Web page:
On a related note, I *hate* that D silently sticks in a default value
 whenever anything isn't properly inited. This is one thing where I really
 think C# got it right, and D got it wrong. And waving the "It's not 
 leaving
 it with an undefined value like C does!" banner is an irritating 
 strawman:
 Yea, it's better than C, but it still sucks.

This is one of the times (and this doesn't happen rarely) i am glad Walter is the head of D. It is total BS i am sorry can put it in a polite way.

How is it total BS?
Nov 07 2010
parent reply "Nick Sabalausky" <a a.a> writes:
"so" <so so.do> wrote in message news:op.vltk19pq7dtt59 so-pc...
 On Sun, 07 Nov 2010 22:41:41 +0200, Nick Sabalausky <a a.a> wrote:

 "so" <so so.do> wrote in message news:op.vls71ytk7dtt59 so-pc...
 On a related note, I *hate* that D silently sticks in a default value
 whenever anything isn't properly inited. This is one thing where I 
 really
 think C# got it right, and D got it wrong. And waving the "It's not
 leaving
 it with an undefined value like C does!" banner is an irritating
 strawman:
 Yea, it's better than C, but it still sucks.

This is one of the times (and this doesn't happen rarely) i am glad Walter is the head of D. It is total BS i am sorry can put it in a polite way.

How is it total BS?

If a language is able to avoid bugs caused by uninitialized variables, it should.

Yes, and that is *exactly* why I've been saying the compiler should *track* whether or not something has been inited and then bitch when it's used without ebing inited, instead of just blindly tossing a '0' (or null, or NaN) in there with absolutely no knowledge whatsoever as to whether or not it actually *should* be starting out at '0' (or null, or NaN).
 But when it comes to a system language you have to preserve the rights of 
 those
 that know initialization is very expensive/or just plain unnecessary at 
 some point, and want compiler to ignore it.
 "something a = void;" is a very elegant solution, and it is explicit, you 
 have best of both worlds.

Uhh, yea, but what the hell does that have to do with what I said?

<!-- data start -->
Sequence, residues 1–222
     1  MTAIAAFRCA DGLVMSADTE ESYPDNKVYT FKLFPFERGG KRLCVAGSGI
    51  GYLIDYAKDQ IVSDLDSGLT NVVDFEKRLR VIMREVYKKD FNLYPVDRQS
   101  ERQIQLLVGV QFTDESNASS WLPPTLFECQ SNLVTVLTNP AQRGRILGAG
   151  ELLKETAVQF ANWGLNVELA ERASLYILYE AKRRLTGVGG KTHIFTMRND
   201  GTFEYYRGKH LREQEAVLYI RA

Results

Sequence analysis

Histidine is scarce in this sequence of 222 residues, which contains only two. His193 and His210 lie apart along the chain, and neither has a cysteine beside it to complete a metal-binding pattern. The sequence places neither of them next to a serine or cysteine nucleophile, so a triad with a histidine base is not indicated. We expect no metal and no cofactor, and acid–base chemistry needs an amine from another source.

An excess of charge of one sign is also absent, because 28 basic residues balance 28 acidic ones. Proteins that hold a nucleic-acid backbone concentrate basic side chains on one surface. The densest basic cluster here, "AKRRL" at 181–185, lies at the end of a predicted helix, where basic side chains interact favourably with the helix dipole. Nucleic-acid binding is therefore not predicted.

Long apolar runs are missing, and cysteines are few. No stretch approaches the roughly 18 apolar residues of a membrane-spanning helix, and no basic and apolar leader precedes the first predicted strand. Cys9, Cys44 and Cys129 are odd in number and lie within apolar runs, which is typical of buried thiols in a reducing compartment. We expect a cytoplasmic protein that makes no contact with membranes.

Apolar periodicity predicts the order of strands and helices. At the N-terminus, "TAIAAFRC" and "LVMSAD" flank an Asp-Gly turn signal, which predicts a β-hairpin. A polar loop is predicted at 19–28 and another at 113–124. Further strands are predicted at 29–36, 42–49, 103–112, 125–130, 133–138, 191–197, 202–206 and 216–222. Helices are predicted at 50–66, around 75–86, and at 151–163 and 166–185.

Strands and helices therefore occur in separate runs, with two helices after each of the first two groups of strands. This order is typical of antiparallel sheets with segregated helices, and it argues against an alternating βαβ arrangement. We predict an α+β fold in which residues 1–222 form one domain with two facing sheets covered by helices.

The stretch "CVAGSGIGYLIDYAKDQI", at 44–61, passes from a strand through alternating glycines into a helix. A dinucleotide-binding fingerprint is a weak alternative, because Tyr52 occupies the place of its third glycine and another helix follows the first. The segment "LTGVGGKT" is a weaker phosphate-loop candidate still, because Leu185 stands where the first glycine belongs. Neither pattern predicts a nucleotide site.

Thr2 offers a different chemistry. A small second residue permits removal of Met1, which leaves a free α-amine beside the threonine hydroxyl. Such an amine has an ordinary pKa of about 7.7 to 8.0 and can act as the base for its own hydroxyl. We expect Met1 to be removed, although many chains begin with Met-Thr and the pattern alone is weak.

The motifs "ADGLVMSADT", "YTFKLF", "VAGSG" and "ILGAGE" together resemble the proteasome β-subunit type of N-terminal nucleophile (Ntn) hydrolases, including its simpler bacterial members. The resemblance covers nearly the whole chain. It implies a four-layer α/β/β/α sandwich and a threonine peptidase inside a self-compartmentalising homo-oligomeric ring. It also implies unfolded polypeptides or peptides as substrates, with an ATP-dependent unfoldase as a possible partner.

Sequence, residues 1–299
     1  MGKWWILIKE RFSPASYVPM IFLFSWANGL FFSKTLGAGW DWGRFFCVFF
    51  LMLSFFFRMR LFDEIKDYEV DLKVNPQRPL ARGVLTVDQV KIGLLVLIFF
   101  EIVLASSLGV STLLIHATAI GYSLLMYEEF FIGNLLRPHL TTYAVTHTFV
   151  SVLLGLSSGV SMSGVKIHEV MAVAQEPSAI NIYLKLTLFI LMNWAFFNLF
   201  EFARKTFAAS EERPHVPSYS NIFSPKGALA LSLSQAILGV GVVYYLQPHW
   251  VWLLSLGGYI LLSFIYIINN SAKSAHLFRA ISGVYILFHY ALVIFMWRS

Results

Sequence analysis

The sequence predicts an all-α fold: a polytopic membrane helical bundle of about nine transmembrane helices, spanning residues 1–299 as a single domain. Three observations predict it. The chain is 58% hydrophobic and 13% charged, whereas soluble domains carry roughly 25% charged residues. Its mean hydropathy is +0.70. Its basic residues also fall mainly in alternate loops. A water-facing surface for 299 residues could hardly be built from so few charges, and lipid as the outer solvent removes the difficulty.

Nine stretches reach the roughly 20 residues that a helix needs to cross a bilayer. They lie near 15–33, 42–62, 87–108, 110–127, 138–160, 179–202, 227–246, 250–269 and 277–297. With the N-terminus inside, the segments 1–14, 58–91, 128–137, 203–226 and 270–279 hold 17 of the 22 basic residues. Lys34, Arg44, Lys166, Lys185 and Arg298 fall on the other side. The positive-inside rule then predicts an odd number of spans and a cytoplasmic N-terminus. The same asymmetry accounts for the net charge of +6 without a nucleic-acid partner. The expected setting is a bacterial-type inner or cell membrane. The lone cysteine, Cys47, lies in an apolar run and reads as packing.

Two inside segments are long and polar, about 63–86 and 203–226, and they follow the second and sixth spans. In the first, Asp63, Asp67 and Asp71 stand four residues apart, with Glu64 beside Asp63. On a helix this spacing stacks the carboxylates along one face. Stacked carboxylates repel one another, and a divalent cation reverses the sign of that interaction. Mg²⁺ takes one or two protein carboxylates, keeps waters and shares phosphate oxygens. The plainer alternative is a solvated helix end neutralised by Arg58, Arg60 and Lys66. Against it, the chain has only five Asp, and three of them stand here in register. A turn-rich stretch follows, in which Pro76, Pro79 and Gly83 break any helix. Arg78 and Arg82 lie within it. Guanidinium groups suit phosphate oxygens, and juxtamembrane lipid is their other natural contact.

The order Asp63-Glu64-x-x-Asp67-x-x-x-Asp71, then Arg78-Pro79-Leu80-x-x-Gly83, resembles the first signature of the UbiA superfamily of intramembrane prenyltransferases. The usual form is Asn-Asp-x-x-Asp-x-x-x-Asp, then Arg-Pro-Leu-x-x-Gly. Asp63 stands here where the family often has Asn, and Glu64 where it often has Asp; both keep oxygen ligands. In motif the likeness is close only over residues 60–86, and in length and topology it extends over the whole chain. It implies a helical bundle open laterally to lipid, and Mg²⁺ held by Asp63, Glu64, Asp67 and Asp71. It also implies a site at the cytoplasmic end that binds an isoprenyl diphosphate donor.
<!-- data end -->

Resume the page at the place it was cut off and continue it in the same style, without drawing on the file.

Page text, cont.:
Nov 07 2010
parent reply "Nick Sabalausky" <a a.a> writes:
"Nick Sabalausky" <a a.a> wrote in message 
news:ib84bo$1vcn$1 digitalmars.com...
 "so" <so so.do> wrote in message news:op.vltk19pq7dtt59 so-pc...
 On Sun, 07 Nov 2010 22:41:41 +0200, Nick Sabalausky <a a.a> wrote:

 "so" <so so.do> wrote in message news:op.vls71ytk7dtt59 so-pc...
 On a related note, I *hate* that D silently sticks in a default value
 whenever anything isn't properly inited. This is one thing where I 
 really
 think C# got it right, and D got it wrong. And waving the "It's not
 leaving
 it with an undefined value like C does!" banner is an irritating
 strawman:
 Yea, it's better than C, but it still sucks.

This is one of the times (and this doesn't happen rarely) i am glad Walter is the head of D. It is total BS i am sorry can put it in a polite way.

How is it total BS?

If a language is able to avoid bugs caused by uninitialized variables, it should.

Yes, and that is *exactly* why I've been saying the compiler should *track* whether or not something has been inited and then bitch when it's used without ebing inited, instead of just blindly tossing a '0' (or null, or NaN) in there with absolutely no knowledge whatsoever as to whether or not it actually *should* be starting out at '0' (or null, or NaN).
 But when it comes to a system language you have to preserve the rights of 
 those
 that know initialization is very expensive/or just plain unnecessary at 
 some point, and want compiler to ignore it.
 "something a = void;" is a very elegant solution, and it is explicit, you 
 have best of both worlds.

Uhh, yea, but what the hell does that have to do with what I said?

I think I figured out what you meant. When I said "C# got it right", you thought I was talking about how C# doesn't allow any "int x = void;" whatsoever, right? That's not what I meant. I was talking about how C# issues a compile-time error whenever a variable is read before it's guaranteed to have been written (at least for local vars, I don't remember how it handles member vars).
Nov 07 2010
parent "Nick Sabalausky" <a a.a> writes:
"so" <so so.do> wrote in message news:op.vlua80b47dtt59 so-pc...
 I think I figured out what you meant. When I said "C# got it right", you